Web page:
Welcome to the Mission of Norway. I’m pleased that so many of you havecome to this event.
I would like to say a few words about why Norway attaches such importance to the General Assembly statement to be delivered tomorrow.
The principles of universality and non-discrimination apply to all human beings. The Norwegian government has a responsibility for realising these principles at home as well as promoting them abroad.
This year we are part of the core group of supporters of the statement. In 2006, in Geneva, we led the work on the Human Rights Council statement on sexual orientation. Such multilateral efforts compliment Norway’s bilateral diplomatic activities to promote human rights of all human beings irrespective of sexual orientation and gender identity.
At home, this is no longer as controversial as it once was. Norway has come a long way since the formal decriminalisation of sex between men in 1972.
In fact, Norway’s new Common Marriage Act comes into force in exactly two weeks. On January 1st 2009 the act will grant the same marriage rights to gay and straight couples. In addition, lesbian couples will be able to apply for government-subsidised fertility treatment (ivf) on the same grounds as heterosexual couples. Interestingly, opposition to the new act is mostly centred on whether the government should be subsidising ivf treatment at all, not whether gay couples should have equal access to it. The coming into force of the act is is seen by many as the culmination of the struggle for legal parity. It is the final frontier, if you’d like.
While the new Marriage Act is a reason to celebrate – and judging from the number of couples planning to marry in the new year there will be a lot of celebrations – we are mindful of the need to promote the interests of LGBT persons beyond the scope of legal rights.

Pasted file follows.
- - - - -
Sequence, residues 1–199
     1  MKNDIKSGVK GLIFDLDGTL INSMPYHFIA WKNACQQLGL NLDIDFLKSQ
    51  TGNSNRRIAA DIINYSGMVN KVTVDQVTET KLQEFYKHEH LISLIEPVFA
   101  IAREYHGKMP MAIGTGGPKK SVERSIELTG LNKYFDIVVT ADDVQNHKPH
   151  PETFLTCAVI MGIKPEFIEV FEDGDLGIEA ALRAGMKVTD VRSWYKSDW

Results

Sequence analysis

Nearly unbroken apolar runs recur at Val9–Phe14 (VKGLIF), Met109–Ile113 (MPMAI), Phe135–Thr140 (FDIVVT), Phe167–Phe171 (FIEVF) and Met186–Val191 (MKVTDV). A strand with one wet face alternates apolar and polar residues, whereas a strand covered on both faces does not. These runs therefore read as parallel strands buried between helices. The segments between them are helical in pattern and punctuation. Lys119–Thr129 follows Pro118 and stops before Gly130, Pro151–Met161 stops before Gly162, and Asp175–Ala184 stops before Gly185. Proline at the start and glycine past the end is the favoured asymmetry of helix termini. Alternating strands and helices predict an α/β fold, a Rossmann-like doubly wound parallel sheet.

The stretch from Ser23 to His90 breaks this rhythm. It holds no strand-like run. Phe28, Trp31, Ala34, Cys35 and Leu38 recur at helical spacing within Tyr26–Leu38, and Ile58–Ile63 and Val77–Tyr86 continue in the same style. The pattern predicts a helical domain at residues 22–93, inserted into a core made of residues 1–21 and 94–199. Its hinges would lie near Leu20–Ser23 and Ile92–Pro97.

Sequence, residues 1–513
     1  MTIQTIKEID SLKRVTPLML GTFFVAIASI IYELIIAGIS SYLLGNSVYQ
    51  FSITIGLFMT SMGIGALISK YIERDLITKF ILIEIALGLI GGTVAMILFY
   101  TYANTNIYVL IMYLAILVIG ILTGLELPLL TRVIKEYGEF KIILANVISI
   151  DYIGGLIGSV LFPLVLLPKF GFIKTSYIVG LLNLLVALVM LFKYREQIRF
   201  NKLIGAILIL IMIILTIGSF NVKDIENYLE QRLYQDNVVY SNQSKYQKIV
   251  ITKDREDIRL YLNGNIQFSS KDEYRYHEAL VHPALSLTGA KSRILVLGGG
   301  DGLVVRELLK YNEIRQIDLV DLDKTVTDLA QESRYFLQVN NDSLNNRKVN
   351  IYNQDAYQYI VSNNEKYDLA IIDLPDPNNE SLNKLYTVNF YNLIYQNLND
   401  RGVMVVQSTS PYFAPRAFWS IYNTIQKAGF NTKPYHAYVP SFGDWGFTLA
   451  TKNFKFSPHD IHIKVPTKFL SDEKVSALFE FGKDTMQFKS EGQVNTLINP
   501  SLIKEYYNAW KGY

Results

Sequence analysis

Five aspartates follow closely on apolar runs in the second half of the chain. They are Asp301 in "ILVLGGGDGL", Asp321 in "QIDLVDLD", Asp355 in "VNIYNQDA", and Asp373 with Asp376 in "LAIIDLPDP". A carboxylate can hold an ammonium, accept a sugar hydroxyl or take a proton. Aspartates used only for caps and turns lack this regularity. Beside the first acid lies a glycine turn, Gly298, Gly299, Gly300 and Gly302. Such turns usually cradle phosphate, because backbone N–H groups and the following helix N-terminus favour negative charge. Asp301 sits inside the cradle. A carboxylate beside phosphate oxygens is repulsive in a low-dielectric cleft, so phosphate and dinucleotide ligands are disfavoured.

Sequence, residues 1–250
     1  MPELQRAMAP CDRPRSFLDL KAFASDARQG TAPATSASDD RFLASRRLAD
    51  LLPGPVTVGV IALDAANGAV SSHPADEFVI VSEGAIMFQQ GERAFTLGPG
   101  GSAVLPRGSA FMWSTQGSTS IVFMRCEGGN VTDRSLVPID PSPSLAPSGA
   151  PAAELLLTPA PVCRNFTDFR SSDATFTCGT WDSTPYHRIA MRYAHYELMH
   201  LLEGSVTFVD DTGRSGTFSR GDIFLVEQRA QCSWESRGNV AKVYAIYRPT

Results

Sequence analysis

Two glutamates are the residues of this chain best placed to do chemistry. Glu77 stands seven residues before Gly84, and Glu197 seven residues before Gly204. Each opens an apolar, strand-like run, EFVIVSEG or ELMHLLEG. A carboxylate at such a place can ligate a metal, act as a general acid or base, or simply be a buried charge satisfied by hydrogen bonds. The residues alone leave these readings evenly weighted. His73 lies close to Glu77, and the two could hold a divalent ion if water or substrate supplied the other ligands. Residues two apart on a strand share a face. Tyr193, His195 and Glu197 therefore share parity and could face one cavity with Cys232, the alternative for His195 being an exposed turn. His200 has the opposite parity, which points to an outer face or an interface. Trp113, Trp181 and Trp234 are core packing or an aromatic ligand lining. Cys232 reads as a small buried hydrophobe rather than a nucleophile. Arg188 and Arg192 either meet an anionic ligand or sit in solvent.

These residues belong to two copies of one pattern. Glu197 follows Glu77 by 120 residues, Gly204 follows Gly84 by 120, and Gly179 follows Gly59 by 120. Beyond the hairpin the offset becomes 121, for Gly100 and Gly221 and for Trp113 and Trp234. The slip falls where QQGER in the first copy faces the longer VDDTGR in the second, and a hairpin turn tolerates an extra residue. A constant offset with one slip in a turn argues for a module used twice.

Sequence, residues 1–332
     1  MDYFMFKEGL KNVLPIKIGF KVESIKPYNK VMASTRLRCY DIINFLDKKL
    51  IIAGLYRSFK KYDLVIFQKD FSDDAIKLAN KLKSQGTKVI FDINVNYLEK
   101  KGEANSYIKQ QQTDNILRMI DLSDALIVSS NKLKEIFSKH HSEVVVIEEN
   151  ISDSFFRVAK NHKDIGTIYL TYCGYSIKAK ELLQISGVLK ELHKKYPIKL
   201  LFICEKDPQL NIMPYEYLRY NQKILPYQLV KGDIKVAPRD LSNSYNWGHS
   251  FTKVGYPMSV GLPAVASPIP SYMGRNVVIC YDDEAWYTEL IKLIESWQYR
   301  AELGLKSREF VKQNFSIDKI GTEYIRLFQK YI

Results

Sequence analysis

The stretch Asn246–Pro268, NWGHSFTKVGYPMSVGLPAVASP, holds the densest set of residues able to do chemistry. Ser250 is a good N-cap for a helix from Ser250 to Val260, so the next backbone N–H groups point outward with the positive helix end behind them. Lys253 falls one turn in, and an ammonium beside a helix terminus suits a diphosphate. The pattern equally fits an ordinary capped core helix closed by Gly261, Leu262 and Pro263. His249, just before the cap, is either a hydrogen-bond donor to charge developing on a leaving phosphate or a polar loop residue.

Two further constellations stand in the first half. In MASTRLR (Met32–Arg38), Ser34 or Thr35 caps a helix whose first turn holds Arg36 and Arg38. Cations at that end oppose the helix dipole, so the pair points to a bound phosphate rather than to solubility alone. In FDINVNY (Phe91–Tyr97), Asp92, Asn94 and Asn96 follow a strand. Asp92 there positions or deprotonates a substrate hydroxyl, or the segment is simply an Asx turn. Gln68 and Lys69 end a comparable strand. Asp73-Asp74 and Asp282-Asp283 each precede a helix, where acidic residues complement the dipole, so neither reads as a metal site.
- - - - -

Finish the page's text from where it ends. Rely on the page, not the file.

To address this the Government earlier this year launched an action plan to improve the quality of life of LGBT persons. The plan involves a range of ministries and aims at providing an LGBT perspective on all relevant policy areas. Rest assured – an English-language version is on the way.
The action plan also sets out Norway’s commitments to promoting LGBT rights in our foreign policy and international development cooperation.
Championing the work of human rights defenders is a Norwegian foreign policy priority. This includes defenders of LGBT rights, such as Nepal’s Blue Diamond Society, who have played no small part in bringing about positive constitutional change. I would like to pay tribute to Sunil Pant, the Nepalese MP and founder of Blue Diamond, for his inspiring work. I am told that he will hopefully be joining us later this afternoon. Norwegian embassies globally support organisations similar to Blue Diamond in our promotion of civil society actors.
The Government is also committed to raising issues related to sexual orientation and gender identity with development cooperation partners, both in the context of regular dialogue sessions and, more specifically, in the development of national health plans. Initiating dialogue on these topics is sensitive, as I’m sure you will understand.
This brings me back to the value of tomorrow’s statement at the UN. The statement is both stronger and attracts broader cross-regional support than the 2006 text. With this statement I am convinced we’ll be better equipped to impress upon those who do not wish to discuss LGBT issues at all, that the time has come to face these questions head-on.